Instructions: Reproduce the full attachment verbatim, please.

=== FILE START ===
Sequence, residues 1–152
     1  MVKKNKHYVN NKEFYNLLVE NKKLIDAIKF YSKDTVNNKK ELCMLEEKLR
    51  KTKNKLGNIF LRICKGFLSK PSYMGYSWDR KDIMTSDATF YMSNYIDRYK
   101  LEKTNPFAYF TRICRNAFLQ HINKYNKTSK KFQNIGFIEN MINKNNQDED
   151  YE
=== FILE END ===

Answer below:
Sequence, residues 1–152
     1  MVKKNKHYVN NKEFYNLLVE NKKLIDAIKF YSKDTVNNKK ELCMLEEKLR
    51  KTKNKLGNIF LRICKGFLSK PSYMGYSWDR KDIMTSDATF YMSNYIDRYK
   101  LEKTNPFAYF TRICRNAFLQ HINKYNKTSK KFQNIGFIEN MINKNNQDED
   151  YE